Posted in African American Interest, AMERICANA, VISUAL ART with tags , , on August 22, 2016 by travsd

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Today is the birthday of the great George Herriman (1880-1944). I almost just called Krazy Kat the greatest comic strip of all time — surely no strip has ever been greater — but in a world that has also included Little Nemo and Thimble Theatre/ early Popeye, I hesitate to be so rash.

If I were African American, I would claim Herriman’s place in that pantheon of their greatest geniuses, like Scott Joplin, Louis Armstrong, Bert Williams, Zora Neal Hurston, August Wilson, etc etc. Few seem to, perhaps because it is not well known that he was of Creole/ mixed-race ancestry (he was originally from New Orleans), and he kept his ethnic identity a secret during his lifetime (it wasn’t widely known until 1970). But clearly the complex cultural mash-up (white, black, Cuban, possibly Native American) that went into the forming the individual known as George Herriman enriched his art a great deal.

My first exposure to his work (I think) came through his illustrations for Don Marquis’s jazzy free-verse thingy archy & mehitabel. That he managed to make the latter character quite distinct from his most famous cartoon cat was a triumph by itself. Krazy Kat ran from 1913 through Herriman’s death in 1944, although he had been a professional cartoonist since the turn of the century. Prior to that, he had worked as a sideshow talker on Coney Island!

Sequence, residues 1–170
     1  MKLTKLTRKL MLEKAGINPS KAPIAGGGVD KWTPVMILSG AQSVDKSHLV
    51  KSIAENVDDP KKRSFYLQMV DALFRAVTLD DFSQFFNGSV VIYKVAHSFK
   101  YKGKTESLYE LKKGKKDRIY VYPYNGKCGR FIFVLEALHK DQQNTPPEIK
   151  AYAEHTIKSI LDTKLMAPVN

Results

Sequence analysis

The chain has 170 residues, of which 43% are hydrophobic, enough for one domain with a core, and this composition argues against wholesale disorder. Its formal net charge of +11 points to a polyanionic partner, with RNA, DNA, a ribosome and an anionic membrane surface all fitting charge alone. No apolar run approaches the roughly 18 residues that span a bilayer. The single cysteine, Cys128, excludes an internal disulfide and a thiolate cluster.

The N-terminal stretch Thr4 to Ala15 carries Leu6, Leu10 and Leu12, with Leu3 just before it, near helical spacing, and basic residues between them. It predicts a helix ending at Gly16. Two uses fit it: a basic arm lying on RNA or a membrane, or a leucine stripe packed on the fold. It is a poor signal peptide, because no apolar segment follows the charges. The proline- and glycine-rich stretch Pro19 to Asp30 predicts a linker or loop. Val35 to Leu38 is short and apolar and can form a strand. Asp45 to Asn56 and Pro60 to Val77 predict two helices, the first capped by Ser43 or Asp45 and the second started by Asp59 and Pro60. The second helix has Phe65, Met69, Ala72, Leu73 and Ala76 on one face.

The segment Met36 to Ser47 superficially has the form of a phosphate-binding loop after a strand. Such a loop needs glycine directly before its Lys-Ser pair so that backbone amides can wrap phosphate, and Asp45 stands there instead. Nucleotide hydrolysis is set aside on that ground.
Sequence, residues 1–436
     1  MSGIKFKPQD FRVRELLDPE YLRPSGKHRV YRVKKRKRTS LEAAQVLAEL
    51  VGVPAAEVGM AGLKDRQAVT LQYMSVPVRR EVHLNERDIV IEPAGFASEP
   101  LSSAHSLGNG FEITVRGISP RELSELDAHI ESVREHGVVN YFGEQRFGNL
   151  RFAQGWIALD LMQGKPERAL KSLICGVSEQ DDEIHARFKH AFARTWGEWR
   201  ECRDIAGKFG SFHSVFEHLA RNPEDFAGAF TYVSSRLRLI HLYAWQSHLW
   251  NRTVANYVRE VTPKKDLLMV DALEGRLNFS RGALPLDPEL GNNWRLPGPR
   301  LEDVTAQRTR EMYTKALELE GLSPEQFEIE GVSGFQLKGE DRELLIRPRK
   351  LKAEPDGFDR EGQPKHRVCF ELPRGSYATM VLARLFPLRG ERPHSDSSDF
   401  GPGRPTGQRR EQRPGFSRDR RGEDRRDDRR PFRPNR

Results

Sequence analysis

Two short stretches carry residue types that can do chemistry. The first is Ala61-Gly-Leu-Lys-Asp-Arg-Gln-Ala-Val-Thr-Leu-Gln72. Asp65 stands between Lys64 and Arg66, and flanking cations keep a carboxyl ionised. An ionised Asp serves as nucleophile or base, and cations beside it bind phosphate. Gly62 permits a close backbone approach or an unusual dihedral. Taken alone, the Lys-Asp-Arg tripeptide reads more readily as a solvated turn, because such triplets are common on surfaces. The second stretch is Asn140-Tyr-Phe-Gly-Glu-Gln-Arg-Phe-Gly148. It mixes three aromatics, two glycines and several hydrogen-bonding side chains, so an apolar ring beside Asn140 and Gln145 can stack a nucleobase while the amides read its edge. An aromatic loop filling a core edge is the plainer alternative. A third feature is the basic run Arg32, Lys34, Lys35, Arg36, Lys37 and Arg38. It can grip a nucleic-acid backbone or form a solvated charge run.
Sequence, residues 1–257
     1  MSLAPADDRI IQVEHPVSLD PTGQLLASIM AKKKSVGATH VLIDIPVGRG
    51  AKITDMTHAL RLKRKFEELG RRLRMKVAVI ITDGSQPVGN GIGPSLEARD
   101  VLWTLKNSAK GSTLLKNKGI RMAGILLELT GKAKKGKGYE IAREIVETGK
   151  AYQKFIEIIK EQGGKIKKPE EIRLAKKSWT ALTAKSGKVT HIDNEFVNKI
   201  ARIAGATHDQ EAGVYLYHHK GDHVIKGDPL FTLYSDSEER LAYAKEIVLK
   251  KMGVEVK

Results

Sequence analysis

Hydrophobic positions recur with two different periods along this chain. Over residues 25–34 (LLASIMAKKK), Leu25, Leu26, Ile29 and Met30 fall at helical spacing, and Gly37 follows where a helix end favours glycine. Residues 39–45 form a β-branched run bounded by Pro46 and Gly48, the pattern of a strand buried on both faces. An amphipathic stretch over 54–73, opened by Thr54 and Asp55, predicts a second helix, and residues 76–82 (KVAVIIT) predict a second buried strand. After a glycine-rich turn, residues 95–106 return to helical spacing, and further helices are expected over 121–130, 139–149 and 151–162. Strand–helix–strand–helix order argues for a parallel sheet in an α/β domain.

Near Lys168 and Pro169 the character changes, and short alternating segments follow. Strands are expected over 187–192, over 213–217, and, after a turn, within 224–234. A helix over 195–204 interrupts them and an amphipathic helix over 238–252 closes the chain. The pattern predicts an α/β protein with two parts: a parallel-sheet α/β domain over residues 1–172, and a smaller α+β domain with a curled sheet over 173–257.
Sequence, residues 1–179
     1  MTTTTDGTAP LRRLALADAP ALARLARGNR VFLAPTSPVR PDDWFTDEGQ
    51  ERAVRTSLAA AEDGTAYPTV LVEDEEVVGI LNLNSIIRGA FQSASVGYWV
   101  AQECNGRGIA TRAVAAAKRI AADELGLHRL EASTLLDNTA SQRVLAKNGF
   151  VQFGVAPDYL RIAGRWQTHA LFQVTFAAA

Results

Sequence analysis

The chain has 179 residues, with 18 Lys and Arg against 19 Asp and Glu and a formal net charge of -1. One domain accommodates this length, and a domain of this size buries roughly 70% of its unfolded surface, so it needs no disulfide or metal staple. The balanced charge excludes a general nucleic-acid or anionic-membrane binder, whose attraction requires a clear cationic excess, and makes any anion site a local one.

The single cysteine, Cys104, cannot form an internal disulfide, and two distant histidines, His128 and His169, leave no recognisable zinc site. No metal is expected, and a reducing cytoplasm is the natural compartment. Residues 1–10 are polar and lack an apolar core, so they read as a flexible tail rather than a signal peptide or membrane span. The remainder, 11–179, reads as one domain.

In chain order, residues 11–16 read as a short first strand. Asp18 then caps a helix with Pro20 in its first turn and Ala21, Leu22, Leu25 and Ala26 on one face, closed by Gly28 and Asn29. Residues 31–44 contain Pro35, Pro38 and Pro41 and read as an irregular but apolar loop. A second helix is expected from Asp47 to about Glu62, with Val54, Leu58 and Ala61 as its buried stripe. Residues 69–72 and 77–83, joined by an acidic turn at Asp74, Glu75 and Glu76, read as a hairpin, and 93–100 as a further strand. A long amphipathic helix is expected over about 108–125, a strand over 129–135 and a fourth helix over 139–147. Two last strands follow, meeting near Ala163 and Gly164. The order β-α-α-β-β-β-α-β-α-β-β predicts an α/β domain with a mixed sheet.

Krazy Kat is full of wonderful contradictions: steeped in Americana yet the most sophisticated strip ever, a work of modern art; simple in structure yet dense in detail. It is set in Coconino County in Arizona’s Monument Valley, where Herriman loved to spend his time. Already an otherworldly landscape, Herriman stylized it even further so that it literally seemed like another planet. Cactus plants, mesas and rock formations, adobe buildings, and above all uncluttered wide open spaces extending beyond the horizon turn it into a dreamscape, not unlike the sort one finds in the surreal visions of Salvador Dali.